Christmas Garland

Q: We are a fully sprinkled hospital. Is it permissible to hang Christmas garland from the ceiling, as long as we stay away from sprinkler heads and abide by the 30% rule? Does the garland need to be fire-retardant?

A: According to section (4) of the 2012 Life Safety Code, combustible decorations such as photographs, paintings, and other art are permitted as long as they are attached directly to the walls, ceiling, and non-fire-rated doors provided the following is complied with:

  • Decorations on non-fire-rated doors not interfere with the operation of any required latching of the door;
  • Decorations do not exceed 20% of the wall, ceiling and door areas inside any room or space of a smoke compartment that is not protected with sprinklers;
  • Decorations do not exceed 30% of the wall, ceiling and door areas inside any room or space of a smoke compartment that is protected with sprinklers;
  • Decorations do not exceed 50% of the wall, ceiling and door areas inside patient sleeping rooms having a capacity not exceeding four persons in a smoke compartment that is protected with sprinklers;

According to the Annex section A. (4):

  • The percentage of decorations should be measured against the area of any wall or ceiling where the decorations are located, and not the aggregate total of all walls, ceilings, and doors;
  • The decorations must be located such that they do not interfere with the operation of any doors, sprinkler, smoke detector, or any other life safety equipment;
  • The term “Other art” might include hanging objects or three-dimensional items.

While the Annex section of the Life Safety Code is not considered to be part of the requirements of the enforceable code, it is considered explanatory material intended for informational purposes only. It provides guidance to the readers of the LSC on what the reasoning was by the Technical Committee when that section of the code was written. Most authorities having jurisdiction (AHJ) follow what the Annex says but they are not under any obligation to do so.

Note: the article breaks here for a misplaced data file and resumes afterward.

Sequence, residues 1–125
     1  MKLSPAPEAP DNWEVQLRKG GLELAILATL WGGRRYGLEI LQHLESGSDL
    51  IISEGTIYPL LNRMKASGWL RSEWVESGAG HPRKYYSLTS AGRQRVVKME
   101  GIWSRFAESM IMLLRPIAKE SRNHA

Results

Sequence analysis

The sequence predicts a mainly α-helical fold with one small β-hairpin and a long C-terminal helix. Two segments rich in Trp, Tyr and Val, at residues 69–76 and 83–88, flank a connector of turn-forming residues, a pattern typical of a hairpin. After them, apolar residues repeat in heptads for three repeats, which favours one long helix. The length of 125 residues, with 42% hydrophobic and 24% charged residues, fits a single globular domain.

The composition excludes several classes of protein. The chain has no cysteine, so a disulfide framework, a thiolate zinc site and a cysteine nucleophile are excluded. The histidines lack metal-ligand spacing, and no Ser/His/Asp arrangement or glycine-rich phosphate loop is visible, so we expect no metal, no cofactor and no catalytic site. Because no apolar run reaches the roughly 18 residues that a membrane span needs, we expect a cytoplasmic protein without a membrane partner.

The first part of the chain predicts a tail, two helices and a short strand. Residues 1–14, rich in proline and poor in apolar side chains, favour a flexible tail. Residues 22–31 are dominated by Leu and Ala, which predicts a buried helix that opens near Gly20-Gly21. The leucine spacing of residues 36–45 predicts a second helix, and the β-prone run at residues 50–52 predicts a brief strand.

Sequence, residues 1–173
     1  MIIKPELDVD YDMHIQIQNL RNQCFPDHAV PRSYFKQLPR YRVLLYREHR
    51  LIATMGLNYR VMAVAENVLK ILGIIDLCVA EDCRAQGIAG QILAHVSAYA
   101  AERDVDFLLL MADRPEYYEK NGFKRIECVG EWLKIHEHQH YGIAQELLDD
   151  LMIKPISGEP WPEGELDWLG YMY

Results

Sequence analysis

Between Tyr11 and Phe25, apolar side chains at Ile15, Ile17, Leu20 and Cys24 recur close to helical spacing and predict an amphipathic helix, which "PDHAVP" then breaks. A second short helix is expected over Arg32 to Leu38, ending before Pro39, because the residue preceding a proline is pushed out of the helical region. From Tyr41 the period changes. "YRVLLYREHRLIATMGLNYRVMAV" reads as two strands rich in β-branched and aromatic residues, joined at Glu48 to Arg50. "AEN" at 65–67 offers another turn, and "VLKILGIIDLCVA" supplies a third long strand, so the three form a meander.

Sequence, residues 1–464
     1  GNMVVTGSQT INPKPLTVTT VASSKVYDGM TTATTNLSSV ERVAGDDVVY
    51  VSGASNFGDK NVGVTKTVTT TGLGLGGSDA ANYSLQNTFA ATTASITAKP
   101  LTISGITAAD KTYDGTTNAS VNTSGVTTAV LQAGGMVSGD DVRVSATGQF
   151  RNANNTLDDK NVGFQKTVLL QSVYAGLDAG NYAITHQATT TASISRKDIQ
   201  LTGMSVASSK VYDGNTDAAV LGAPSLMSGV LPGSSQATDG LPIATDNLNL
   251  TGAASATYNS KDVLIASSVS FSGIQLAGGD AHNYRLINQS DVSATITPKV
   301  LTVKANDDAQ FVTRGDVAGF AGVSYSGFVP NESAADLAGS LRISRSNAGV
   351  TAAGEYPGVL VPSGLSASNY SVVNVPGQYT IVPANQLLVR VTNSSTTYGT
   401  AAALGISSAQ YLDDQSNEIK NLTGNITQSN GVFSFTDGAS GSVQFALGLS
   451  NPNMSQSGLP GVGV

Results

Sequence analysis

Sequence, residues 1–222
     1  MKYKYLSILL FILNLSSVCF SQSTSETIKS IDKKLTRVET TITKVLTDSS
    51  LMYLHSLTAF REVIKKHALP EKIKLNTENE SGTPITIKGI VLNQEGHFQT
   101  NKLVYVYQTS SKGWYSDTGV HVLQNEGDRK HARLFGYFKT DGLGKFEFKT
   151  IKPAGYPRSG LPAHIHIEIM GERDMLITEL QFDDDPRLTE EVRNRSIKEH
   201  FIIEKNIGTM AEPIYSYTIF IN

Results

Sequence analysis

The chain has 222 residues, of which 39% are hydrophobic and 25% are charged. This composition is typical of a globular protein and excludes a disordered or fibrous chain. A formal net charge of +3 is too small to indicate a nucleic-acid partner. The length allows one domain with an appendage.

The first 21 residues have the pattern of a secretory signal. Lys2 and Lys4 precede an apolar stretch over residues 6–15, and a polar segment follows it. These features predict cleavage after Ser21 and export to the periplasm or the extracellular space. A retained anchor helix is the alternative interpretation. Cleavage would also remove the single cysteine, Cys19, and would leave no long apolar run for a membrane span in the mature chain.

So, let’s break this down into steps:

  1. Garland is not the same as a photograph or a painting, but may likely comply with the definition of ‘Other art’ as explained in the Annex.
  2. Some surveyors may believe that garland that is suspended from the ceiling and allowed to ‘droop’ may be considered to not be attached directly to the ceiling as section (4) requires.
  3. Non-fire-retardant garland attached directly to the ceiling appears to be permitted based on what the Annex says, provided it does not take up more than 30% of the ceiling space from which it is attached.
  4. The garland cannot interfere with the sprinklers so you would have to comply with section and of NFPA 13-2010 for ceiling mounted obstructions. Quite honestly, this will be pretty difficult to meet with hanging garland in a corridor.

The problem with all of this is not every surveyor will agree that garland qualifies as ‘Other art’. You can show them what the Annex says, but remember that they are not under any obligation to comply with what the Annex says. Most AHJs do, but you may get a rouge surveyor who simply does not agree and will cite it if they observe it. And, as stated above, it is very challenging to suspend something like garland from the ceiling in a corridor and not interfere with the sprinklers. Make sure you follow NFPA 13-2010 carefully.

All in all, it would be easier to not permit it in your facility.

Brad Keyes
Brad Keyes, CHSP

Brad is a former advisor to Healthcare Facilities Accreditation Program (HFAP) and former Joint Commission LS surveyor. He guides clients through  organizational assessment; management training; ongoing coaching of task groups; and extensive one-on-one coaching of facility leaders. He analyzes and develops leadership effectiveness and efficiency in work processes, focusing on assessing an organization’s preparedness for a survey, evaluating processes in achieving preparedness, and guiding organizations toward compliance. 

As a presenter at national seminars, regional conferences, and audio conferences, Brad teaches the Keyes Life Safety Boot Camp series to various groups and organizations. He is the author or co-author of many HCPro books, including the best-selling  Analyzing the Hospital Life Safety Survey, now in its 3rd edition. Brad has also authored a variety of articles in numerous publications addressing features of life safety and fire protection, as well as white papers and articles on the Building Maintenance Program. Currently serving as the contributing editor of the monthly HCPro newsletter Healthcare Life Safety Compliance  gives Brad further insight into the industry’s trends and best practices.